NEIL GLADD - Concert Reviews

"The presence of mandolins brought a unique feature to the concert as soloists Stan Kurtis and Neil Gladd performed Antonio Vivaldi's Concerto in G for two mandolins, strings and cembalo. ...after which the mandolin duet accepted a clamorous ovation from the audience."

- Vincent Patterson, The Washington Times


 U.S. premiere of Morris Surdin's Concerto for Mandolin and Strings: "Mandolinist Neil Gladd's tremolando strumming and single-stroke picking enlivened the contrasting modal and disjunctive blues phrases. The audience could scarcely contain its enthusiasm - assistant conductor Michael Arrington twice had to restrain the applause."

 - Charles McCardell, The Washington Post


 "Mandolin expert Neil Gladd received tumultuous applause for his breathtaking solo and ensemble playing in Hummel's Mandolin Concerto in G. ... his performance was clearly stated and exceptionally balanced with (George) Steiner's orchestral forces."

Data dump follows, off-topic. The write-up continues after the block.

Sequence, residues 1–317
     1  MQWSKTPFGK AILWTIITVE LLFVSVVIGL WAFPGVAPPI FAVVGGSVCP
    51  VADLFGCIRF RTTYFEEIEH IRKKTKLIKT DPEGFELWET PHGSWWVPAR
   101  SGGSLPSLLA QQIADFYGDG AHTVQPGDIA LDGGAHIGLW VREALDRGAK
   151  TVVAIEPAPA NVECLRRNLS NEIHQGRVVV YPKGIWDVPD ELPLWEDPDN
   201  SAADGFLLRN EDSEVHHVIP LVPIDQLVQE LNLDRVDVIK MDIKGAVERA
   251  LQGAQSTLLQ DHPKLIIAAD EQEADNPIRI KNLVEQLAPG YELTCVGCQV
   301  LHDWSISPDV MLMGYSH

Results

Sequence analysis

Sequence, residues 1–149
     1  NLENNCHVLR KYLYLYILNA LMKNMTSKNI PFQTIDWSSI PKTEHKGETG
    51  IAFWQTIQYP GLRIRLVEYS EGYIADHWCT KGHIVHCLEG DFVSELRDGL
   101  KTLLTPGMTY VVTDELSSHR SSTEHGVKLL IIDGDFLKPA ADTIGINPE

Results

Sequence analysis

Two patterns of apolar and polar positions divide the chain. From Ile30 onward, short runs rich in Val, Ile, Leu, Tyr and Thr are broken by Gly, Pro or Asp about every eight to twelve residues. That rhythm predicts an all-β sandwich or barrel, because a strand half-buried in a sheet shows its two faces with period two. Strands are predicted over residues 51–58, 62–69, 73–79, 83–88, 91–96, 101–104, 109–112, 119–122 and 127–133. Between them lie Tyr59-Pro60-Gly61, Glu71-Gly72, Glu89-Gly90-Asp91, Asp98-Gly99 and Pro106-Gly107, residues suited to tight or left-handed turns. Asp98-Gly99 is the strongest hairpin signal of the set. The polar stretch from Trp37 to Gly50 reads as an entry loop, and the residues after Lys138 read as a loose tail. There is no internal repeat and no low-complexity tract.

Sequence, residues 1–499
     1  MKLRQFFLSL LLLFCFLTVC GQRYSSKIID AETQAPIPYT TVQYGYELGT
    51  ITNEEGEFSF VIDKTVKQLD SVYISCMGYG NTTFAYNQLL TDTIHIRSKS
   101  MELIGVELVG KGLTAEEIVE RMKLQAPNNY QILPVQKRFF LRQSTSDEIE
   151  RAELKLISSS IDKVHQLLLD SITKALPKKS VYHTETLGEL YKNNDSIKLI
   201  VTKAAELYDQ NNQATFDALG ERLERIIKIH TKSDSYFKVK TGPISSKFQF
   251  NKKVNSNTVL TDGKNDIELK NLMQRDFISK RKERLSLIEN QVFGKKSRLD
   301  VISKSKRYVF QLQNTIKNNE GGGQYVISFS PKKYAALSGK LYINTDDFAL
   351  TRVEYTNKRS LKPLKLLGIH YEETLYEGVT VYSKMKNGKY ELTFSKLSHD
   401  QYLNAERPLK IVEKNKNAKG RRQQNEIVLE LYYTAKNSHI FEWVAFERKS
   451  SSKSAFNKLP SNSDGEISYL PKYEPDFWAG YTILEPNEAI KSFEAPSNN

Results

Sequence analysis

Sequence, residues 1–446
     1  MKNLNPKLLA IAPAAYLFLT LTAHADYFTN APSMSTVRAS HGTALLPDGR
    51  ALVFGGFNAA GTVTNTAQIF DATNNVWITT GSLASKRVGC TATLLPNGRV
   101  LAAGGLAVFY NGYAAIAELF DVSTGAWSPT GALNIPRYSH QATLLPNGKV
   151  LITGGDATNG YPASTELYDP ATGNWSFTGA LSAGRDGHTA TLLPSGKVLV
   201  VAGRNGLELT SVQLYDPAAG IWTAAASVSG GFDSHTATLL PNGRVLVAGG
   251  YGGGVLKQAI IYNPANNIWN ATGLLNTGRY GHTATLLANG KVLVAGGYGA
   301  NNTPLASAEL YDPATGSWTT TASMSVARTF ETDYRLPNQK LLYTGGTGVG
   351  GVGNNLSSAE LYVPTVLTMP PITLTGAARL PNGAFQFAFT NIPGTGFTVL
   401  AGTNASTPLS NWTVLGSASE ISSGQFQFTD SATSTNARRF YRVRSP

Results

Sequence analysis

- J. Kenneth Townsend, The Alexandria Gazette


 International Mandolin Festival, Malmedy, Belgium: "A superbly convincing performance, communicating sometimes unusual music successfully even to the relatively uninitiated among the universally enthusiastic audience."

- Keith Harris, Australian mandolin virtuoso


 "Use of the mandolin is common in folk and popular music, less so on the concert stage; if there were more musicians with Mr. Gladd's enterprise and artistry, the situation might change. He played with energy, fluidity and rhythmic impetus ..."

- Tim Page, The New York Times


 "His substantial and rather charming recital ... was a testimony to Gladd's virtuosity and his messianic industry." " But it was in Gladd's final performance - a slightly languid, slightly self-mocking but every-note-included rendition of the finale from Mendelssohn's Violin Concerto - that his personable virtuosity really shined."

- Anthony Tommasini, The Boston Globe


 "Neil Gladd's presentation Monday night of "Mandolin Madness II" proves there is an unexpected supply of contemporary music for unconventional instrumental groups that few concert goers ever get to hear.  Mandolinist Gladd took the solo spotlight a few times, and his technique can be quite grand.  The first movement of his own Sonata No. 2 was played with exacting control and remarkably fleet fingering."

- Kate Rivers, The Washington Post